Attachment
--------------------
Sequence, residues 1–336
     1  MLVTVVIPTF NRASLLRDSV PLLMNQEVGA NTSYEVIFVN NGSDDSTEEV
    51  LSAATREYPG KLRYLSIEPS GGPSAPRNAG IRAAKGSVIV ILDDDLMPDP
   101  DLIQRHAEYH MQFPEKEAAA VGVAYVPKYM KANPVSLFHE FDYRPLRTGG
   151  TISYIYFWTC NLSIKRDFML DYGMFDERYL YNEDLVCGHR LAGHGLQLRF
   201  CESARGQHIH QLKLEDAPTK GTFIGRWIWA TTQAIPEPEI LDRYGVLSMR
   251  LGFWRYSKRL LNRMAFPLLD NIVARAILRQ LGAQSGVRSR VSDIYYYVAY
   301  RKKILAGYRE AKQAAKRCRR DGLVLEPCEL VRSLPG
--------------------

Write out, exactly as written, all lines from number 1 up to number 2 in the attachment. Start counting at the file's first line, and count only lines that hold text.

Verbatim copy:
Sequence, residues 1–336
     1  MLVTVVIPTF NRASLLRDSV PLLMNQEVGA NTSYEVIFVN NGSDDSTEEV